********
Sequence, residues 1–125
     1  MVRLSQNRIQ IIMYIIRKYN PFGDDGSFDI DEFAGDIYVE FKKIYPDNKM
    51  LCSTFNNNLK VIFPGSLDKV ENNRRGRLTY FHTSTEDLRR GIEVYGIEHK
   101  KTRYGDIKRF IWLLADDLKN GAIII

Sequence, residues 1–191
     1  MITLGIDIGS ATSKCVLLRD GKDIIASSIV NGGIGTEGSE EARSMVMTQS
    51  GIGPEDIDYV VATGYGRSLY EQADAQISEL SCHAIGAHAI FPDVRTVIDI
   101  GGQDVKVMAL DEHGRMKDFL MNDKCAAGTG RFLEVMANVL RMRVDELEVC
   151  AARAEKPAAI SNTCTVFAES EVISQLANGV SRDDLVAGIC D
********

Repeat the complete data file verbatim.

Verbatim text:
Sequence, residues 1–125
     1  MVRLSQNRIQ IIMYIIRKYN PFGDDGSFDI DEFAGDIYVE FKKIYPDNKM
    51  LCSTFNNNLK VIFPGSLDKV ENNRRGRLTY FHTSTEDLRR GIEVYGIEHK
   101  KTRYGDIKRF IWLLADDLKN GAIII

Sequence, residues 1–191
     1  MITLGIDIGS ATSKCVLLRD GKDIIASSIV NGGIGTEGSE EARSMVMTQS
    51  GIGPEDIDYV VATGYGRSLY EQADAQISEL SCHAIGAHAI FPDVRTVIDI
   101  GGQDVKVMAL DEHGRMKDFL MNDKCAAGTG RFLEVMANVL RMRVDELEVC
   151  AARAEKPAAI SNTCTVFAES EVISQLANGV SRDDLVAGIC D